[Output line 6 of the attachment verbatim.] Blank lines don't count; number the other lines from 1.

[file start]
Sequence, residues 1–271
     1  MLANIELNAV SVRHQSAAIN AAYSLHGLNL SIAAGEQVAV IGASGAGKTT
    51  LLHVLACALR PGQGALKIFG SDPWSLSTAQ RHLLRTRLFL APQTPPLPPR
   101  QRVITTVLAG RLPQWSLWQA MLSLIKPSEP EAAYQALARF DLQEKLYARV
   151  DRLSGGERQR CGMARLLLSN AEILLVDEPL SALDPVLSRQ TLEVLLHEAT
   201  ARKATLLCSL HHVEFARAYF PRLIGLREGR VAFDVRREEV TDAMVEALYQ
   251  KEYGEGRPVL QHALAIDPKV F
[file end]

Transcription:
   201  ARKATLLCSL HHVEFARAYF PRLIGLREGR VAFDVRREEV TDAMVEALYQ